Young orphan Gilly (Klein) finds out his lover Jo (Graham) may actually be his biological sister. After they break up he discovers he's not related and travels across the country to stop ...
See full summary »
A young woman, Tara Maguire (Robin Wright) scandalizes her provincial Irish village in the 1950s by having a baby out of wedlock, and refusing to name the father. She has a rare beauty and ... See full summary »
Young orphan Gilly (Klein) finds out his lover Jo (Graham) may actually be his biological sister. After they break up he discovers he's not related and travels across the country to stop her impending wedding. Unfortunately the entire nation has heard the same story and thinks he's just after incestuous thrills. Written by
Gets off to a slow start, but gets funnier as it goes along
First of all, I was disappointed that the Farrellys didn't take the director's seat on this one. I hate when previews mislead you like that. Nine times out of ten, when you hear the announcer in a trailer say, "from horror master Wes Craven" or something of that sort, it means the well-known director is a producer or executive producer in the project, like in this case. But it still has that Farrelly vibe, since J.B. Rogers worked as the A.D. in their previous works.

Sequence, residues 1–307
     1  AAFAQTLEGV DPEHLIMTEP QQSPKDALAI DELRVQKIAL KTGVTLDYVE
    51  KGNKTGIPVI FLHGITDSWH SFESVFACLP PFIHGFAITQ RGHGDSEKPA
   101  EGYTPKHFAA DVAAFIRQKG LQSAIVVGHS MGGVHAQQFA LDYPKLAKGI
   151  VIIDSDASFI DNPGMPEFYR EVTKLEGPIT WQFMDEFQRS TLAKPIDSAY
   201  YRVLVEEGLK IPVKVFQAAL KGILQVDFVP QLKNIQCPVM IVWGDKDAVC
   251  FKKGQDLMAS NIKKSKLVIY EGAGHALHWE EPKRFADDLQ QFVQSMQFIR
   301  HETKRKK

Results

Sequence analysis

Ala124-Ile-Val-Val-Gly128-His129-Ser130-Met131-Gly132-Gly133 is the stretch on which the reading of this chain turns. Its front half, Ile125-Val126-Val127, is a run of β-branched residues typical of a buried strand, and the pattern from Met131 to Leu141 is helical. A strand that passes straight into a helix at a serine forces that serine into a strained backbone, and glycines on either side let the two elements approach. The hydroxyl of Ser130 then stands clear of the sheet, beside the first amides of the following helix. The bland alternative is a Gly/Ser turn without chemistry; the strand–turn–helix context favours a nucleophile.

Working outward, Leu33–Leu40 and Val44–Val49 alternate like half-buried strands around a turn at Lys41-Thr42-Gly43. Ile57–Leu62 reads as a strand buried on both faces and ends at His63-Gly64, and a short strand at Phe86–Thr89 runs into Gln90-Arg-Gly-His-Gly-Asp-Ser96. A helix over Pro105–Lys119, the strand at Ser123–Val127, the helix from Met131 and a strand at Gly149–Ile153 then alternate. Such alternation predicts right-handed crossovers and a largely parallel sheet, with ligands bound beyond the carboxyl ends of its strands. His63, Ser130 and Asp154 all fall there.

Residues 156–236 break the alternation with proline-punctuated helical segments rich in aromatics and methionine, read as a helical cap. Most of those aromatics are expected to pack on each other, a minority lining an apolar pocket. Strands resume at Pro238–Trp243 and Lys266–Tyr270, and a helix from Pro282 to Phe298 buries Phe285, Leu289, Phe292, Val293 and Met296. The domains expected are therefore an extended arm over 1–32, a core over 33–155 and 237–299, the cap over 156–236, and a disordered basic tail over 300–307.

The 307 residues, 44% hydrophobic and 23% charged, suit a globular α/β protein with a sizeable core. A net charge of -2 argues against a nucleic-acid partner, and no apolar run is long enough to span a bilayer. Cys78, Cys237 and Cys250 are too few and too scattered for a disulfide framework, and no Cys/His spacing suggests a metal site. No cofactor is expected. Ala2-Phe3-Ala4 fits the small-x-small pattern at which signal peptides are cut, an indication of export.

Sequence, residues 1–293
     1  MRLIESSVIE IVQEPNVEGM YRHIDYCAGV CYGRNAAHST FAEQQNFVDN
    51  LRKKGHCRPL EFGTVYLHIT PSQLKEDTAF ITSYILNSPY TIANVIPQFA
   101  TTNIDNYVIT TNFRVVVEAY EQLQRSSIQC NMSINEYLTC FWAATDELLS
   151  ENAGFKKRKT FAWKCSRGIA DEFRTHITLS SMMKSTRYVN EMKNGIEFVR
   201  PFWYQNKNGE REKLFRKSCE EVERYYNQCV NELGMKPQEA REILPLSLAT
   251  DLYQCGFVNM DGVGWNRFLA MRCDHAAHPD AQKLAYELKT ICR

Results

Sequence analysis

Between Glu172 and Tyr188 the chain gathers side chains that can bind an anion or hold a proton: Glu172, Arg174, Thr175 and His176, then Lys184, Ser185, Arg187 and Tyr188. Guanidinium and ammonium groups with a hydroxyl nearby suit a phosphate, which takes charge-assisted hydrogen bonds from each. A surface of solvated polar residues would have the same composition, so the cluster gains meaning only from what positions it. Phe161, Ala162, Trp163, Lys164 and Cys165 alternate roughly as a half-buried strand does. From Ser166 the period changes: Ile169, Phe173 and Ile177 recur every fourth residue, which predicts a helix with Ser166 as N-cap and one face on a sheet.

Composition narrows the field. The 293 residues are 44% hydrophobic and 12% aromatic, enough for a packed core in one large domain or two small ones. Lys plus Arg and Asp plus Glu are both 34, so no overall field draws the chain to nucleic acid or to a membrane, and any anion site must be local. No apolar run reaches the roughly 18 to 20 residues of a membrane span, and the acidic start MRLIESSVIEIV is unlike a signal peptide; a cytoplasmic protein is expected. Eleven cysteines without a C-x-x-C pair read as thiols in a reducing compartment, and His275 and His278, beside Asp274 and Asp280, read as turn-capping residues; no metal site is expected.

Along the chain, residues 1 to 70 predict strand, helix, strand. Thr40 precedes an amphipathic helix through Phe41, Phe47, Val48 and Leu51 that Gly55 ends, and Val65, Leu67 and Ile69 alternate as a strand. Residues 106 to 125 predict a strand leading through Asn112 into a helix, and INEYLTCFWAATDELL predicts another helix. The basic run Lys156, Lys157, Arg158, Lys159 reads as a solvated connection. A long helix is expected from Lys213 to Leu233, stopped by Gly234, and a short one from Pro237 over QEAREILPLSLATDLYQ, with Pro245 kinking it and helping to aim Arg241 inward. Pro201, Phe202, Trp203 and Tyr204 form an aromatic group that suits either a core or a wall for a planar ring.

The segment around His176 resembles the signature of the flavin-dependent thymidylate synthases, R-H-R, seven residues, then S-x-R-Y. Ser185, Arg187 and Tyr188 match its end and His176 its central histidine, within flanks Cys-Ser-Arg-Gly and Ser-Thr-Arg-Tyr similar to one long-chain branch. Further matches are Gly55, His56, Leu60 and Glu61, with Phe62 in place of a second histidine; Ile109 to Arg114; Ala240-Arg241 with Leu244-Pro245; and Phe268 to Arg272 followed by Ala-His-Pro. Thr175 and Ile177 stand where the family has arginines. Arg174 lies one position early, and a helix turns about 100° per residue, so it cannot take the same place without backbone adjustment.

The movie gets off to a slow start. The gags start off pretty lame. And most of the funny parts shown were given away in the previews. We're handed a lot of quirks, but the comedy doesn't quite gel. We have Richard Jenkins as a wheelchair-bound father, who uses excessive profanity through a voice-box. So far, we're pushing the envelope, but the laughs haven't entirely arrived. I have to admit, though, the nipple-piercing scene was very funny. Luckily, that scene wasn't completely given away in the trailers, because quite frankly--it couldn't be shown on network television.
The film speeds up the comedy with the arrival of Orlando Jones as a pilot with artificial legs and a Jimmi Hendrix hairdo. For some reason, the Farrellys have an obsession with handicapped characters. Jones is very funny, and brings in the film's biggest laughs.
I also think we wander into one-joke territory one time too many. OK, the guy banged his sister. It was funny at first. How many times do we have to hear it repeated in the next gag...and the gag after that...and the gag after that? But the gags improve as we go along, and I got more and more laughs. By the last thirty minutes, I was laughing myself silly! So I wouldn't say this comedy is anywhere near as bad as most people said it was.
"Say It Isn't So" isn't the best comedy of the year, but it often delivers. And it's one of the few comedies that gets funnier as it goes along, rather than starting off with a bang and dragging on as it progresses.
My score: 7 (out of 10)
10 of 13 people found this review helpful.
Was this review helpful to you?